Written: First published in Liepziger Volkszeitung, April 30, 1913. Published: From Selected Political Writings of Rosa Luxemburg, tr. Dick Howard (NY: Monthly Review Press, 1971). Online Version: marxists.org April 2002. In the middle of the wildest orgies of imperialism, the world holiday of the proletariat is repeating itself for the twenty-fourth time. What has taken place in the quarter of a century since the epoch-making decision to celebrate May Day is an immense part of the historical path. When the May demonstration made its debut, the vanguard of the International, the German working class, was breaking the chains of a shameful law of exception and setting out on the path of a free, legal development. The period of the long ... (From: Marxists.org.)
Most of all: Who are the true perpetrators of this oppression, which the Poles must suffer by the Germans? Who should we make responsible for this violent Germanization? The usual answer is: “It’s the fault of the Germans. The Germans are oppressing us.” This is what Polish papers in the Poznan province always write. But is it possible to blame the entire German people, 50 million Germans? This would be a great injustice and a great error, which we would suffer most from. To get a clear picture of the situation, to see where is the actual cause of our oppression, is absolutely necessary, if we want to seriously and successfully start to defend our endangered nationality. It is crystal-clear that the Prussian government is... (From: Marxists.org.)
First Published: 1898, under the title Die Industrielle Entwicklung Polens in Leipzig. Source: 1977 by Campaigner Publications, of New York Translated: (from the German) Tessa DeCarlo [Translator’s Note] Updated by Tessa DeCarlo in 2004 for the Marxists Internet Archive. Transcription/Markup: Ted Crawford/Brian Baggins Copyright: Campaigner Publishers 1977; published with permission from Campaigner Publishers. Although the subject of the following treatise is a very specialized one, we nonetheless believe that it may be of more than slight interest to the Western European reader, for several reasons. Today economic questions stand in the forefront of the intellectual life of all civilized countries; they have already been rec... (From: Marxists.org.)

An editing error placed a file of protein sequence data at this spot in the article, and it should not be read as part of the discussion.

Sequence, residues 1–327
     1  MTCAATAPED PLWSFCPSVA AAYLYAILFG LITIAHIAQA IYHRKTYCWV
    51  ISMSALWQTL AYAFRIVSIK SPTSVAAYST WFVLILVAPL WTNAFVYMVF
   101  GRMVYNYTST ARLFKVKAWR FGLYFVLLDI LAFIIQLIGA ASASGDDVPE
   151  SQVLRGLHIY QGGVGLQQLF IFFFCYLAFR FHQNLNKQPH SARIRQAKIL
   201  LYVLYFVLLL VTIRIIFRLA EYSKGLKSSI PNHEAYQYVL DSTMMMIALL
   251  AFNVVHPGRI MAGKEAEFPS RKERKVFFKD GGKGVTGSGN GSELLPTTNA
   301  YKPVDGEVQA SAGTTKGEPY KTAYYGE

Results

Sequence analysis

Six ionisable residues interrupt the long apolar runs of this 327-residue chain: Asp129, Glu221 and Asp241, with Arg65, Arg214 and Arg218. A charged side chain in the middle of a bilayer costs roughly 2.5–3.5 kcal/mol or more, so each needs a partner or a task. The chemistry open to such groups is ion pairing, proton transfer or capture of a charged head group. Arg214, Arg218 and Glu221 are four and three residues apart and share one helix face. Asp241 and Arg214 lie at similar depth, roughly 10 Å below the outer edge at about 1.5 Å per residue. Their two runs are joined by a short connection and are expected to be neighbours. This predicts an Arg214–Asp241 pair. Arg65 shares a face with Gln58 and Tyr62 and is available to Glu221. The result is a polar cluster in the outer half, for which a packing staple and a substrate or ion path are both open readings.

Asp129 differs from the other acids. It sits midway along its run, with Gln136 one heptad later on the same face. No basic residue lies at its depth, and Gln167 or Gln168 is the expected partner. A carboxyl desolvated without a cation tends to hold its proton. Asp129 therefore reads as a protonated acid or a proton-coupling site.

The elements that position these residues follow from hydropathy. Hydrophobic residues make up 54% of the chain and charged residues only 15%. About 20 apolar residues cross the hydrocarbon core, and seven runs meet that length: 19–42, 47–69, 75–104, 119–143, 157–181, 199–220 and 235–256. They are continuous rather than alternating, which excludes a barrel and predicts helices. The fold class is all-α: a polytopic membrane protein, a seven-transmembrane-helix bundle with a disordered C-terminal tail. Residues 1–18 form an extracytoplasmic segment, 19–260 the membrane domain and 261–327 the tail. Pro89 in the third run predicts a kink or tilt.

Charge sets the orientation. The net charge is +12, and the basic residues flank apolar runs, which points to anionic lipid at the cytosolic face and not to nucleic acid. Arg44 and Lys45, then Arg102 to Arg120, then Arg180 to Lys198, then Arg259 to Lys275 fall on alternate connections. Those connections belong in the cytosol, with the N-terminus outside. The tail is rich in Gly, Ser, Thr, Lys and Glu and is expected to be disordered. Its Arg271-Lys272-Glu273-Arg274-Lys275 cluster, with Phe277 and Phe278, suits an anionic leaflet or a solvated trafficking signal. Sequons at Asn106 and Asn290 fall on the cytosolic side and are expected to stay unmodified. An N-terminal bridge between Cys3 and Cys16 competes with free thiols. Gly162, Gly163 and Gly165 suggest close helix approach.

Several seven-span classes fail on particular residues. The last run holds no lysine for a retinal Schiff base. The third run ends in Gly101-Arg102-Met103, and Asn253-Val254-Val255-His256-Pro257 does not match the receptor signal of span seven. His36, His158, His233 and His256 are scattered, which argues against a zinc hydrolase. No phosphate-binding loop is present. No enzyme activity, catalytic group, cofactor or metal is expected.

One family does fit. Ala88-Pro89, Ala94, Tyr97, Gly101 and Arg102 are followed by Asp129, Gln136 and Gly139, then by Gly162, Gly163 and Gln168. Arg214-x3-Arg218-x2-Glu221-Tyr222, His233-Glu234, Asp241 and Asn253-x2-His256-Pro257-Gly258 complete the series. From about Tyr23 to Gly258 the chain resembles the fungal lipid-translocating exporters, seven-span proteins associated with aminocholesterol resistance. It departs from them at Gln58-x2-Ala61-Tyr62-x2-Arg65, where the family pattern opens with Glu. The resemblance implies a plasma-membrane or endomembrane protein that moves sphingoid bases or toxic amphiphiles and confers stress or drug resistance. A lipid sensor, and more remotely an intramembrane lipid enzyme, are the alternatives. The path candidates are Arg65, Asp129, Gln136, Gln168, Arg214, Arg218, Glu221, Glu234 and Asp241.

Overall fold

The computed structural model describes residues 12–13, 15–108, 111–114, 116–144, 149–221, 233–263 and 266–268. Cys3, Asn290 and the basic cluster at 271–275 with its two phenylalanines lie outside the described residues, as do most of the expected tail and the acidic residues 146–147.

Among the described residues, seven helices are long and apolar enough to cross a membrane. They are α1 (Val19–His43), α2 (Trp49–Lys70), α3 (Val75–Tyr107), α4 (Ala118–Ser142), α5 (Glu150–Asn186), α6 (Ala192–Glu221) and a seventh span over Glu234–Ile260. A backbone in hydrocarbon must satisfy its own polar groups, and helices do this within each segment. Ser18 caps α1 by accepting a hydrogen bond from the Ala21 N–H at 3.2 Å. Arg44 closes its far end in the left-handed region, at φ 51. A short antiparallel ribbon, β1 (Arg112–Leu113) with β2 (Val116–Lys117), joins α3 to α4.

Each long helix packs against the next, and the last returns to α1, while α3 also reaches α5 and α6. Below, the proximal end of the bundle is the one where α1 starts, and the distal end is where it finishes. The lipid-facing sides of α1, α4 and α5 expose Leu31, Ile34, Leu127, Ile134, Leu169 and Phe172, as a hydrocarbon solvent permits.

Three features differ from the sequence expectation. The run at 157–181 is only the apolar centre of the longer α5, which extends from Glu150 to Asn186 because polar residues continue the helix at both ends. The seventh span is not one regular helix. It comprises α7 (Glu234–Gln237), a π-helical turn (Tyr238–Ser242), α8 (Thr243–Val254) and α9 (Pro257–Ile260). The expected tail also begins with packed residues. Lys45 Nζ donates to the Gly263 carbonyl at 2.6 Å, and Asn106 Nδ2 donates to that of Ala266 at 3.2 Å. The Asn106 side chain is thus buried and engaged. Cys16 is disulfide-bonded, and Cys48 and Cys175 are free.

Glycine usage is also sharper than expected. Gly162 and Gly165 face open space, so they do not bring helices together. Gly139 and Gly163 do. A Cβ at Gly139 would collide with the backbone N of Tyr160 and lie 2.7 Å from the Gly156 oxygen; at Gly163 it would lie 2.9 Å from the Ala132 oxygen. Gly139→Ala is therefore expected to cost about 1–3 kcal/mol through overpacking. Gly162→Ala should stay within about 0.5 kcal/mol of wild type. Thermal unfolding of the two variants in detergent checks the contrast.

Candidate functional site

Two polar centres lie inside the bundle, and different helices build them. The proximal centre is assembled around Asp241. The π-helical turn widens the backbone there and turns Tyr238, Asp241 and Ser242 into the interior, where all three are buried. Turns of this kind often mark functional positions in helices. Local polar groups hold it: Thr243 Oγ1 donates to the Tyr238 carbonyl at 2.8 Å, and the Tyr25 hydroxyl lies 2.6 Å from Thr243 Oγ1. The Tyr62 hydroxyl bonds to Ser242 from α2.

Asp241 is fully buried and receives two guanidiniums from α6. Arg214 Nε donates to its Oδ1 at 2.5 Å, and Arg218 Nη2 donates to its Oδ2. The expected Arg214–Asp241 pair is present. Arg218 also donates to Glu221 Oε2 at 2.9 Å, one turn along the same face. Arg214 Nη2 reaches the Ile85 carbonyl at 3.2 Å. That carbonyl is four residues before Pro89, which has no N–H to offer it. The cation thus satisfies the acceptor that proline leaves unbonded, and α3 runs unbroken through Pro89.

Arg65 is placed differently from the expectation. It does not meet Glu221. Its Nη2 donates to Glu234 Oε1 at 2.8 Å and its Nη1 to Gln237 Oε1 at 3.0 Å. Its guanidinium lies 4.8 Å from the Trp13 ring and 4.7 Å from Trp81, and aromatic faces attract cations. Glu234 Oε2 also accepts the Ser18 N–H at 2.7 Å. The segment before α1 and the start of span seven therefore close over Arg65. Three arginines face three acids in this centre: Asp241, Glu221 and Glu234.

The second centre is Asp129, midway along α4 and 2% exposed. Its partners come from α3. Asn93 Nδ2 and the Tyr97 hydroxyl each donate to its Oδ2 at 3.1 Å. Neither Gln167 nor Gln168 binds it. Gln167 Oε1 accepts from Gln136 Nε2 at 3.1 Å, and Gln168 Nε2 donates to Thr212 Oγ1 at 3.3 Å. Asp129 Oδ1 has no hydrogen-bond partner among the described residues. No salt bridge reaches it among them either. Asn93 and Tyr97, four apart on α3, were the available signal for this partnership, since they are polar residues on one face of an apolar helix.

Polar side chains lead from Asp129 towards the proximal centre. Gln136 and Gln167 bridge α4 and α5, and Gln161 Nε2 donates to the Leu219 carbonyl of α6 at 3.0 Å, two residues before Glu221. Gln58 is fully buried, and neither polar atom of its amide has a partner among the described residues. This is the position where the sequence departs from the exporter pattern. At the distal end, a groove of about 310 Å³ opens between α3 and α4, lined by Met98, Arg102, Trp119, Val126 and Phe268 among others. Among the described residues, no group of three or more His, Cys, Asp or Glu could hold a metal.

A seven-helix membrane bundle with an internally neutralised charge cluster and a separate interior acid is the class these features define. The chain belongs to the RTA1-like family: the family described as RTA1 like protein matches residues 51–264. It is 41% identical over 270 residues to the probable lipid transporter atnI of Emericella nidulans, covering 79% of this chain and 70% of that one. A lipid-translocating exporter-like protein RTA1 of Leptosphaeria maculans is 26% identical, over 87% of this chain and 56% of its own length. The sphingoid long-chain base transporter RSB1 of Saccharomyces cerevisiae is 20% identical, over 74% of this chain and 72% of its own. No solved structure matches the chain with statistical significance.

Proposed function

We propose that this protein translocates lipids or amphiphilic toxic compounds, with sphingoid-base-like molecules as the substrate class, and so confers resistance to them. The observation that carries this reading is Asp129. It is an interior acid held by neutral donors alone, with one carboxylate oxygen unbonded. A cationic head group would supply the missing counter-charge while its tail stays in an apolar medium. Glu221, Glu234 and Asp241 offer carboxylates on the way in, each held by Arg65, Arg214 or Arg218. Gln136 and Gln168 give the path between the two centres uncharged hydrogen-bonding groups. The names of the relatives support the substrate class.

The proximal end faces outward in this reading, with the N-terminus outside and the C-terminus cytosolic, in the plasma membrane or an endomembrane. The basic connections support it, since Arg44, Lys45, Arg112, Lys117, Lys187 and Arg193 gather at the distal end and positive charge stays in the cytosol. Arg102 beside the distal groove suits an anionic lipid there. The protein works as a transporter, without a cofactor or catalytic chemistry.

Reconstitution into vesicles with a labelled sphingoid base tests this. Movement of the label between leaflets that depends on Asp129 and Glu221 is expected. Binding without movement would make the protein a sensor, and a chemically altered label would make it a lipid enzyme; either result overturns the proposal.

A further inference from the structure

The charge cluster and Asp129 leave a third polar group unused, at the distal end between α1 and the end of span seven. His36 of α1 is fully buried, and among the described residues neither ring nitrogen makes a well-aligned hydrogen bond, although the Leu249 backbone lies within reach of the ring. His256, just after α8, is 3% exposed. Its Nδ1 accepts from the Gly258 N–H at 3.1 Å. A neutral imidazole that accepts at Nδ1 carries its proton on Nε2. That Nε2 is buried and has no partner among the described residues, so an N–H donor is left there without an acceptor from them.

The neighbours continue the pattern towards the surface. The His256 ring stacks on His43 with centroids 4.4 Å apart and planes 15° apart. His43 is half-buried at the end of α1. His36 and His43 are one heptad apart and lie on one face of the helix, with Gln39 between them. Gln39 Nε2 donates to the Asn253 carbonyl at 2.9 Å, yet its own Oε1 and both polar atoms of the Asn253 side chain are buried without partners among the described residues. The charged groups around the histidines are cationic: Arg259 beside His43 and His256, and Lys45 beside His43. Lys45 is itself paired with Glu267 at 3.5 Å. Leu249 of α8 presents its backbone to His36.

(1903) [Exstract] First Published: (Polish) Przeglad Socialdemokratyczsy, January-February 1903. Source: (German) Politische Schriften, III (Frankfurt: Europaische, Verlagsanstalt, 1968), pp.23-82. (English) Selected Political Writings Rosa Luxemburg, 1971, edited by Dick Howard. Abstract: The original article contains parts 1-7. This work presents only 1-4. We earnestly hope to find someone who can translate the remaining sections of this work. Translated: Originally written in Polish, then translated into German (by Tadeusz Kachlak, with the help of Bernherd Blanke and Victoria Vierhelles), this text was translated from the German translation into English by Tom Herbst. Transcription/Markup: Ted Crawford/Brian Bag... (From: Marxists.org.)